Locked in: Team USA one step closer to World University Games gold

Kansas guard Frank Mason III (0) looks up court to start a fast break in a Team USA quarter-final game against Lithuania Saturday, July 11, at the World University Games in Gwangju, South Korea.

Kansas guard Frank Mason III (0) looks up court to start a fast break in a Team USA quarter-final game against Lithuania Saturday, July 11, at the World University Games in Gwangju, South Korea.

Saturday, July 11, 2015

— The United States men’s basketball players couldn’t find any rhythm on offense in the third quarter against Lithuania in the World University Games quarterfinals on Saturday at Dongkang College Gymnasium. 

So in the fourth quarter, they turned to their defense to create opportunities. The Jayhawks scored 15 straight points to earn a 70-48 victory and advance to the tournament semifinals. 

SMU senior guard Nic Moore started a 25-2 run in the fourth quarter with a steal and layup before KU junior point guard Frank Mason III drove to the rim for a layup-and-the-foul. Moore added another steal and short jumper in the first 90 seconds of the period. 

“We really guarded the second half,” said Kansas coach Bill Self after his team held Lithuania to 17-percent shooting in the last two quarters (6-for-35). “I mean we really guarded. I don’t know if a team can play much better summertime defense than that in the second half. We did a real good job after ball screens and were fortunate they missed shots.” 

Lithuania entered the quarterfinals with the most points in the tournament, averaging 86.6 points per game. It finished 4-for-27 from deep (15 percent) Saturday. 

“We all just came together and decided that we wanted to lock in on defense, and just get stops,” said Mason, who scored a game-high 18 points with seven rebounds and four assists. 

After the Jayhawks went on a 10-0 run and Lithuania called a timeout, Lithuania guard Paulius Dambrauskas missed an open three-pointer following an offensive rebound, and Kansas junior guard Wayne Selden Jr. made his opponents pay with a three-pointer from the right wing for a 55-42 lead. 

After Selden’s three, the rout was on, with seven different scorers contributing to the big 25-2 run. Moore and Mason combined for 10 steals (six from Moore). 

“It starts with our bigs,” Moore said. “They were dominant on the glass and stuff. That allowed me, Frank and Wayne to be aggressive on the perimeter and get steals. I think Frank got a steal, then I got one and then Frank got one again. After that, we just picked up the pressure and I don’t think they had an answer for it.” 

In the third quarter, Lithuania held the Jayhawks to 21 percent shooting (3-of-14) and cut the margin to 43-42 with one minute left in the period after USA took a seven-point halftime lead.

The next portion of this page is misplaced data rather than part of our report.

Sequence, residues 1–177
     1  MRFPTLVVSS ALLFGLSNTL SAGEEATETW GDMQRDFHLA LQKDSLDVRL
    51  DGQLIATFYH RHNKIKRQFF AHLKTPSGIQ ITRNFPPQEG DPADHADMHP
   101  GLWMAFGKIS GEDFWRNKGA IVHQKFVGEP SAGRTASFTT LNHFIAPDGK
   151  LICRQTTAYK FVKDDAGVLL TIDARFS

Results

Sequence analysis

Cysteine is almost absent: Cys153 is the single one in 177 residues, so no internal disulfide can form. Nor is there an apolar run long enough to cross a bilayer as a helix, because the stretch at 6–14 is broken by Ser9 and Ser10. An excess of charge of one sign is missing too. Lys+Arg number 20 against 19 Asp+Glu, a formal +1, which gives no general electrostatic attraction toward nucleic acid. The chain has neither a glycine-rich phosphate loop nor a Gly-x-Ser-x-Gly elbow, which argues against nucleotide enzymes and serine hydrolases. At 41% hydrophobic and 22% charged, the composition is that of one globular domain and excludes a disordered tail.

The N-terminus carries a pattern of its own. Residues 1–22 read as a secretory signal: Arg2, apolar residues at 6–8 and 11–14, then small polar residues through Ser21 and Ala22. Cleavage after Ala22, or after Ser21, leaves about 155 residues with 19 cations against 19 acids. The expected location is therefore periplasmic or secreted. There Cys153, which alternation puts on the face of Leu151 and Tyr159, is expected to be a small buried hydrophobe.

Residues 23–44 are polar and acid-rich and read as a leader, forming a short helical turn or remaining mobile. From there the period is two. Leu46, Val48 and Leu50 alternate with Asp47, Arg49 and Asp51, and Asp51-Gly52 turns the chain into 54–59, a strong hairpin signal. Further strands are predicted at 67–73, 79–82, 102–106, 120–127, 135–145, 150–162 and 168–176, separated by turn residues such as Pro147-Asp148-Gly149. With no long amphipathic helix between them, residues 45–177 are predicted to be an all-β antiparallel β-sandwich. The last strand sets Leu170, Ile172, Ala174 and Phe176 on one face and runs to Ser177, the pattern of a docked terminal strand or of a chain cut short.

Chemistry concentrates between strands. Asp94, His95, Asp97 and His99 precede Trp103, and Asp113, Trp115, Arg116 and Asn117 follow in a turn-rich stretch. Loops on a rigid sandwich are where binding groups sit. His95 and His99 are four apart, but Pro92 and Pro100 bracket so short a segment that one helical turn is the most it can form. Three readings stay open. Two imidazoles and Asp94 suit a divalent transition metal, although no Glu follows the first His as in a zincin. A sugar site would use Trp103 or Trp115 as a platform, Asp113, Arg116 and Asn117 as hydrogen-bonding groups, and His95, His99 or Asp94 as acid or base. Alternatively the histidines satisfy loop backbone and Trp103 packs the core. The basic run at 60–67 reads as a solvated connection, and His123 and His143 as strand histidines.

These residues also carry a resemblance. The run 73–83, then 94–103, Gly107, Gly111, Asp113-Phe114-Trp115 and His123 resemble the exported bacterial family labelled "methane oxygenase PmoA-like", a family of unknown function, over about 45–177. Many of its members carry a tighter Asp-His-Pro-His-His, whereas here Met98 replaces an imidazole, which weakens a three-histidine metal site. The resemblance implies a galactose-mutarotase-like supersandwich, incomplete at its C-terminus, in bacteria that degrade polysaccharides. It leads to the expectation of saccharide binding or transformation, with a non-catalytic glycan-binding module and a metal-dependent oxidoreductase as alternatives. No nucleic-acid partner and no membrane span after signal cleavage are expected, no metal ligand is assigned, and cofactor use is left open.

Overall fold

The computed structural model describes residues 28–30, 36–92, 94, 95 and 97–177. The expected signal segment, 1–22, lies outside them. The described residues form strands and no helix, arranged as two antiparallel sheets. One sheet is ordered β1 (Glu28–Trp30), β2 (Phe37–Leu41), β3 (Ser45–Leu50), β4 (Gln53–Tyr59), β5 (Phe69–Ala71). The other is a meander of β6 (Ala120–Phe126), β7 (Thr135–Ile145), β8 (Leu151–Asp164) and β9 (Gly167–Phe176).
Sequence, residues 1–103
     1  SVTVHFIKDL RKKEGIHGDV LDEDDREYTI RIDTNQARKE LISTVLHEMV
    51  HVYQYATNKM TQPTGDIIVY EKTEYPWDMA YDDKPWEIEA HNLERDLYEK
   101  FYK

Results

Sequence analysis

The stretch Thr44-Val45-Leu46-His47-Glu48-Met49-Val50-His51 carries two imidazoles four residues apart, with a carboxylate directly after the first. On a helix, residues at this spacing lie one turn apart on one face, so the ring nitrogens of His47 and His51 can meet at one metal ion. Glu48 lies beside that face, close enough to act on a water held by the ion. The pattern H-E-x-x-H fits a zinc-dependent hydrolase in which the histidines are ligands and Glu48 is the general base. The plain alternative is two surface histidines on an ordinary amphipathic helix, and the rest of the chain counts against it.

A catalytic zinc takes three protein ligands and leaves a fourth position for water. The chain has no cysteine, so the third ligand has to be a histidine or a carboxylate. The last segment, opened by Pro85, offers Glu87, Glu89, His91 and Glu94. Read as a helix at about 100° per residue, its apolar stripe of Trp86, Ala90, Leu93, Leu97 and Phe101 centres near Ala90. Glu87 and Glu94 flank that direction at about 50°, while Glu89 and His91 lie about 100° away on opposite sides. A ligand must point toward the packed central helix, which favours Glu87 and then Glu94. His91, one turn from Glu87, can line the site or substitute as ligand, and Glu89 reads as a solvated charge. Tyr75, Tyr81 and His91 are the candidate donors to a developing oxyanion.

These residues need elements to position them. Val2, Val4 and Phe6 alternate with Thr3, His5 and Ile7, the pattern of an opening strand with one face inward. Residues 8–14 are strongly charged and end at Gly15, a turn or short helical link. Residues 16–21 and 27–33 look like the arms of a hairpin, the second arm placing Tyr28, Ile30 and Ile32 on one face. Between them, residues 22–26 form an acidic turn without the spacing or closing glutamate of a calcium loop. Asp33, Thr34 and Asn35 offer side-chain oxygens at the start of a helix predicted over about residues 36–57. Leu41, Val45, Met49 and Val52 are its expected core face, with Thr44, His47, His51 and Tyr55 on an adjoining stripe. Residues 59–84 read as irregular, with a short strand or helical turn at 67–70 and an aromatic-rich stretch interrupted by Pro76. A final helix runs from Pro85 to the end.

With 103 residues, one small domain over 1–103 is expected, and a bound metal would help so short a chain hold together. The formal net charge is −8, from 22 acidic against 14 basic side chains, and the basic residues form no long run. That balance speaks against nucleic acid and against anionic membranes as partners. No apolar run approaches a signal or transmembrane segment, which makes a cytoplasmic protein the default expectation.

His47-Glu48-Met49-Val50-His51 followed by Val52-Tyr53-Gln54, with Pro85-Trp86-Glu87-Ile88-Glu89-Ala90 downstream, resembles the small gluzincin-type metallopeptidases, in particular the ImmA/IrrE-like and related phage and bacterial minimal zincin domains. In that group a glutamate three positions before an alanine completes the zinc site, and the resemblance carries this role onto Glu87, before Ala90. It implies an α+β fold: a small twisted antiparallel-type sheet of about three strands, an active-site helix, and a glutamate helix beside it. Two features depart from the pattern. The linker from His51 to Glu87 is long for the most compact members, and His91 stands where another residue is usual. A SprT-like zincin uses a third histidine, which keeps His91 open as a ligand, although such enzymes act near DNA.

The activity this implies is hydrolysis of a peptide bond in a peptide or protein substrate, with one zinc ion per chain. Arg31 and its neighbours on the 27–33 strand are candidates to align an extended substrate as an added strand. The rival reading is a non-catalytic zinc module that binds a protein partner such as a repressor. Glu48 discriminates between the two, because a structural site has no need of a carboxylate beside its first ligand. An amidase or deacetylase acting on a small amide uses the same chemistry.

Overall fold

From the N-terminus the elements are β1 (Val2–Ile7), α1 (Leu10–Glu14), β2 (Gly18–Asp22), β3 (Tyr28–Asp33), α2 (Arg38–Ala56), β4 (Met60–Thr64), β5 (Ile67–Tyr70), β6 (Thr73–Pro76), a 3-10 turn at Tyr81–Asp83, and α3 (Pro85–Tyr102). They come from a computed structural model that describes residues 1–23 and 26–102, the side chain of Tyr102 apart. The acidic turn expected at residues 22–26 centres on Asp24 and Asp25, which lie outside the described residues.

“There’s a lot of things that you can’t control,” said KU junior forward Landen Lucas, who had seven points and nine rebounds in 20 minutes. “You can’t control what the refs are doing. The rules are different. The shot clock is different. The one thing that you can control is playing defense. We knew we had to get out there and play some good defense.” 

“A couple of times, we didn’t have a great possession and we didn’t move the ball from side to side, which led to bad shots,” Mason added. “But then later on in the (half), we had great ball movement, which led to great offense, and that’s how we got the run.”

In the first quarter, the Jayhawks jumped to a 21-13 lead, scoring on eight of their first 15 possessions. Ellis had seven points in that stretch while Mason and Selden added five points each. Selden finished with 13 points on 5-of-10 shooting while Ellis had 11 (5-of-18). 

“Wayne is playing to win,” Self said. “He didn’t score the ball as well today, but God, he made some big time NBA-type plays. That last drive he made at the end of the (shot) clock (in the fourth quarter), when he split the defender and threw a runner off his left foot ... that’s a big-time play.” 

But the Jayhawks won the game with strong defense in the second half, never giving up their lead when their offense struggled. 

“It took a little while for us to figure it out,” Lucas said of Lithuania’s offense. “By the fourth quarter, we had a way to guard ball screens and we kind of just got them out of the rhythm of things. We guarded very well.”

The Jayhawks will play in the semifinals against Russia at 6:30 p.m. Sunday (4:30 a.m. CDT on ESPNU) Sunday at Dongkang College Gymnasium.

“We’re excited, but I mean we know that we could still come out here and not even get a medal,” Lucas said. “So we’ve still got to win games. Nothing is guaranteed at this point in time. We came out here for the gold and that’s what we’re going to try to get.” 


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